In a speech calling for islandwide unity, House Speaker Scott Saiki on Tuesday said the University of Hawaii needs to stop pursuing a new management lease for Mauna Kea, the site of mass protests and arrests over the proposed Thirty Meter Telescope.
Saiki, who continues to support TMT, said he hopes that a House resolution will lead to a new, unspecified management structure that would give Native Hawaiians a literal seat at the table for how to manage Hawaii island’s Mauna Kea.
“As you know, the University of Hawaii has held the master lease to manage the Mauna Kea Astronomy Precinct and the Natural and Cultural Preservation Area since 1968,” Saiki told his fellow House members. “The master lease is set to expire in 2033, and the university is currently working to extend it. The university has tried its best to manage Mauna Kea, but for too long the university’s work has been shrouded by its inability to appropriately manage cultural practices, resources and education. This is why the University of Hawaii must no longer manage Mauna Kea, and it should cease its work to extend the master lease. The House will introduce a resolution to begin the process of reassessing a new governance structure for Mauna Kea. And we will invite Ku Kia‘i Maunakea to have a seat at the table and be a part of the discussion. Mauna Kea is a manifestation of what happens when we draw lines, work in silos and disregard different views.”
The Thirty Meter Telescope would join 13 existing observatories atop Hawaii island, and critics say it would further desecrate land considered sacred by many Native Hawaiians.
Healani Sonoda-Pale, chairwoman of the Ka Lahui Hawaii political action committee, was skeptical of Saiki’s proposal.
Last year lawmakers looked at creating a blue- ribbon panel for Mauna Kea. In 2018 they considered a Mauna Kea Management Authority.
“It’s not working,” Sonoda-Pale said. “The bin of dead Mauna Kea bills is getting full.”
Both Sonoda-Pale and Mauna Kea Hui leader Kealoha Pisciotta said the latest reform effort sounds like a desperate attempt to save the embattled Thirty Meter Telescope.
Pisciotta has led the opposition to TMT in court and said that if the Legislature wants to support the community’s wishes, it should back bills in both houses this year that call for no more development atop the mountain.
“As long as further development is on the table, there’s nothing else to talk about,” Pisciotta said.
Asked by the Honolulu Star-Advertiser why changing Mauna Kea’s management was important during a legislative session focused on the COVID-19 pandemic, the statewide response and an economic crisis, Saiki said resolving issues atop Mauna Kea is a way to restart the island economy while helping to ease divisions.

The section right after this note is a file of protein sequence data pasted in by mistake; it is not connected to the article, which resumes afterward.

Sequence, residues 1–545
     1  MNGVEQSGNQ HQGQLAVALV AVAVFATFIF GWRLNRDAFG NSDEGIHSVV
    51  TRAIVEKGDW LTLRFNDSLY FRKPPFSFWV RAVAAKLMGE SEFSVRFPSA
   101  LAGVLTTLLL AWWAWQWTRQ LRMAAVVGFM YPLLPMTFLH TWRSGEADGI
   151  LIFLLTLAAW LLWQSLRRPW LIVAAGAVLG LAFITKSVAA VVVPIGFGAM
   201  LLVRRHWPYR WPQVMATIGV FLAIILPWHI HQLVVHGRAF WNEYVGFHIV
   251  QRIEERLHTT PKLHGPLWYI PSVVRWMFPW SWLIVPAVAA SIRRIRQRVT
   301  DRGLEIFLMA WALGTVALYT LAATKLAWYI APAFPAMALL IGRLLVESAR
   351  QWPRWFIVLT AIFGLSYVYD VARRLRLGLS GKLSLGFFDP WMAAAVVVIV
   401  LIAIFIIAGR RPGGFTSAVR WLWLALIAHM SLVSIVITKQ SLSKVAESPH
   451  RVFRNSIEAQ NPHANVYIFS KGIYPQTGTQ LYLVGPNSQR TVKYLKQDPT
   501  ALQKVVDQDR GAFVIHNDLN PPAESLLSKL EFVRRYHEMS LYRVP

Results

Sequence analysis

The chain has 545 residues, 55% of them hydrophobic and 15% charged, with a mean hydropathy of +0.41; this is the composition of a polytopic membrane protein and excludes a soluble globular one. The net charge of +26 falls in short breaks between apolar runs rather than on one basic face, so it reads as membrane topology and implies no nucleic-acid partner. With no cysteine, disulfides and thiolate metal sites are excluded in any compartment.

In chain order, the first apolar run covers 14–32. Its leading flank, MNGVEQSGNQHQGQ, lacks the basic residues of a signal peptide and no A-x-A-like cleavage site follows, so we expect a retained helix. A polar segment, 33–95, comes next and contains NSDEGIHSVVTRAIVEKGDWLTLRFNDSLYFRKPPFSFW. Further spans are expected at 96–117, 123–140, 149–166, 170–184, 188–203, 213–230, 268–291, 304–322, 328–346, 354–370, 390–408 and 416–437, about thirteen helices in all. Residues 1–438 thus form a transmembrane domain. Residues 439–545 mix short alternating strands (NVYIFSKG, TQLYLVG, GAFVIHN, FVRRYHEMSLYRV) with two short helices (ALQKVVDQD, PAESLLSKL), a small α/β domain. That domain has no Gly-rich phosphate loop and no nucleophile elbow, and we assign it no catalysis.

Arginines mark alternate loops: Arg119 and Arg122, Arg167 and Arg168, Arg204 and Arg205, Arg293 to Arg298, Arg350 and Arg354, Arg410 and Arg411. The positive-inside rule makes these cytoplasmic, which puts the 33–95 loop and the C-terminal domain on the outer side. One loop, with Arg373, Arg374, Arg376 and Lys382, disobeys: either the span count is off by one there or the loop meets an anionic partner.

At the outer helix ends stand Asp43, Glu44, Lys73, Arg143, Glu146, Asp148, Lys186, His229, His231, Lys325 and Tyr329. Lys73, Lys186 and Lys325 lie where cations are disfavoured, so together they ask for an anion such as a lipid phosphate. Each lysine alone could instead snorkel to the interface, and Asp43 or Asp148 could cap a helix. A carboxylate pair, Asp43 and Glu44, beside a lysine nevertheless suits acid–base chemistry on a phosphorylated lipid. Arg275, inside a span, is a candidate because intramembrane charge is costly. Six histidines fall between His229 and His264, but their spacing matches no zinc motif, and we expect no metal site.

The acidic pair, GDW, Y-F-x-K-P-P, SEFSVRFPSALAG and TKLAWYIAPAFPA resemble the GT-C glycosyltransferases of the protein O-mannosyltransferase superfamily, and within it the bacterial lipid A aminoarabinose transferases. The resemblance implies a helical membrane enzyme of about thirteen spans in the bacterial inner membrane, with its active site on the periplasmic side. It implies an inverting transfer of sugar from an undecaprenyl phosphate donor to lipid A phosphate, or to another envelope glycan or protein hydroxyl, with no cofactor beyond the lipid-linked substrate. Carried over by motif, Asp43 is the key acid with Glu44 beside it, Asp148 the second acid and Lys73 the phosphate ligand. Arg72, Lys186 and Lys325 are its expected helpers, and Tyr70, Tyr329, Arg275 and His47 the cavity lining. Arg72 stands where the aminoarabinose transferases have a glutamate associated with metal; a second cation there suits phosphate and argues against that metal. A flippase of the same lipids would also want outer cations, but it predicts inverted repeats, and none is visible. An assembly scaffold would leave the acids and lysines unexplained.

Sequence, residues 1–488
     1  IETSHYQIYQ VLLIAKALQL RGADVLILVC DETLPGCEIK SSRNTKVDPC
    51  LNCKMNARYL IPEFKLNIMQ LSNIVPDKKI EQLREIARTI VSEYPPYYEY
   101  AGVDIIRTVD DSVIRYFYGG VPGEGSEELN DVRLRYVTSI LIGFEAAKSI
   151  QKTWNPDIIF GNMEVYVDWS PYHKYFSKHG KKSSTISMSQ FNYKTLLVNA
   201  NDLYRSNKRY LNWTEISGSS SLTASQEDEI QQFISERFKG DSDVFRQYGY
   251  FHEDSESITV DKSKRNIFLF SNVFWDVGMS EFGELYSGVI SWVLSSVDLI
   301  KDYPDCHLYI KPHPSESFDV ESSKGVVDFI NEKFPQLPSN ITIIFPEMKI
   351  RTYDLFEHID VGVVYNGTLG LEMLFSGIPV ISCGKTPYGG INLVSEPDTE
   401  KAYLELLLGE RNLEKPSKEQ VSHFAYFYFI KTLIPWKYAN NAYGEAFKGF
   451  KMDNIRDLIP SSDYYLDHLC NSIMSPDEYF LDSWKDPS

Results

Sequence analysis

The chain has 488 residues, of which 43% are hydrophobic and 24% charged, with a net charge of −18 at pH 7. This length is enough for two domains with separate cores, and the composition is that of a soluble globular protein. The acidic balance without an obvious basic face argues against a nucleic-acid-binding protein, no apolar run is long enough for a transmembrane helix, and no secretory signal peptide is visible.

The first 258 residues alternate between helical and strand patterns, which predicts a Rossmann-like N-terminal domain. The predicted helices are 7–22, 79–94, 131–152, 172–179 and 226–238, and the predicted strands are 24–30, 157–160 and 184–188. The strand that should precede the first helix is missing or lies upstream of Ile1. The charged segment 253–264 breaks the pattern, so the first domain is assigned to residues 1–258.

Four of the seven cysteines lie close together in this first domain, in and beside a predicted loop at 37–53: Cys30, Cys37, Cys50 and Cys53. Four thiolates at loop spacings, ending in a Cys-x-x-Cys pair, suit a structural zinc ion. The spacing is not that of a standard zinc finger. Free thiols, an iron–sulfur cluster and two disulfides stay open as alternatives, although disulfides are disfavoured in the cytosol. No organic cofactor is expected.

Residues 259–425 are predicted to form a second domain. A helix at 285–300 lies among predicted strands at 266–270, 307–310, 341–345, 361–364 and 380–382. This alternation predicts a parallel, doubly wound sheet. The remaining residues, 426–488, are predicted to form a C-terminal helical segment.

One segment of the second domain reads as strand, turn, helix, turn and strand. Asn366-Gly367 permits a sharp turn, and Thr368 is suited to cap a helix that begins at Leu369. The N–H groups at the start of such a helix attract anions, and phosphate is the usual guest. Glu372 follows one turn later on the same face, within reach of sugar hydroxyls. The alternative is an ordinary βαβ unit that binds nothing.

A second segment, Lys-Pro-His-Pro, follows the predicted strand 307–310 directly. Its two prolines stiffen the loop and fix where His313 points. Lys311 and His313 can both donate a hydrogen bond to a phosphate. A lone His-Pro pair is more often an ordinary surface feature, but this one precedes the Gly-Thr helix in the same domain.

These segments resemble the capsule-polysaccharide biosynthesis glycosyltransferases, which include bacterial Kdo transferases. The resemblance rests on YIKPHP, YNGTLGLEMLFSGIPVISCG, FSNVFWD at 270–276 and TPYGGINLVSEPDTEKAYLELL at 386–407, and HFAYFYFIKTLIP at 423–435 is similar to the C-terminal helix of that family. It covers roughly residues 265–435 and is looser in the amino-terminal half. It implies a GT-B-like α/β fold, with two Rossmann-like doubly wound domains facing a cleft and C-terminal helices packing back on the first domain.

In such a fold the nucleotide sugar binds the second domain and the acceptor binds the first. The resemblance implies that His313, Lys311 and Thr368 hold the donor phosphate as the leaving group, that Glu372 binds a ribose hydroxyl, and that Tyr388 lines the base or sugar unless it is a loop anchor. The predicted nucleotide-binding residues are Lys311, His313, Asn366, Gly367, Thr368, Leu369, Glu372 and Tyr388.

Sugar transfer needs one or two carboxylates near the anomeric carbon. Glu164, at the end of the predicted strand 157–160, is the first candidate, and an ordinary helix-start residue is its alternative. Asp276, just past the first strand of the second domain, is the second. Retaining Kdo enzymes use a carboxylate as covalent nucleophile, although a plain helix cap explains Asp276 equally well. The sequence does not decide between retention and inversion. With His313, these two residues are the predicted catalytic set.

Greg Chun, UH director of Mauna Kea stewardship, said the university is preparing to apply for a new lease after its current one expires in 2033, a process that will require the preparation of an environmental impact statement that has so far not cost the university any money.
UH instead has been focusing on reworking its Mauna Kea master plan, a comprehensive management plan and decommissioning telescopes.
Chun said UH welcomes “different voices” to be involved in decision-making but that changing Mauna Kea’s management raises issues, such as, “What is the state’s commitment to astronomy?”
And changing the management structure could be a concern for officials interested in future projects.
“They want to know, they need to know, who they would be dealing with,” Chun said.
Uncertainty, he said, “creates an added risk to them.”
Chun said that any entity responsible for managing large parcels of land in Hawaii “can always do better. But I don’t think those challenges are unique to the University of Hawaii.”
The state Intermediate Court of Appeals last week issued an opinion affirming that Hawaii County Police Chief Paul Ferreira was within his authority when he requested assistance from other county police departments during the 2019 TMT protests, The Associated Press reported.
The appellate court’s opinion said officers from the Honolulu and Maui police departments who were at demonstrations along Daniel K. Inouye Highway, which leads to the access road to Mauna Kea’s summit, did not violate Hawaii statutes regarding police pursuing investigations in other counties, according to the AP.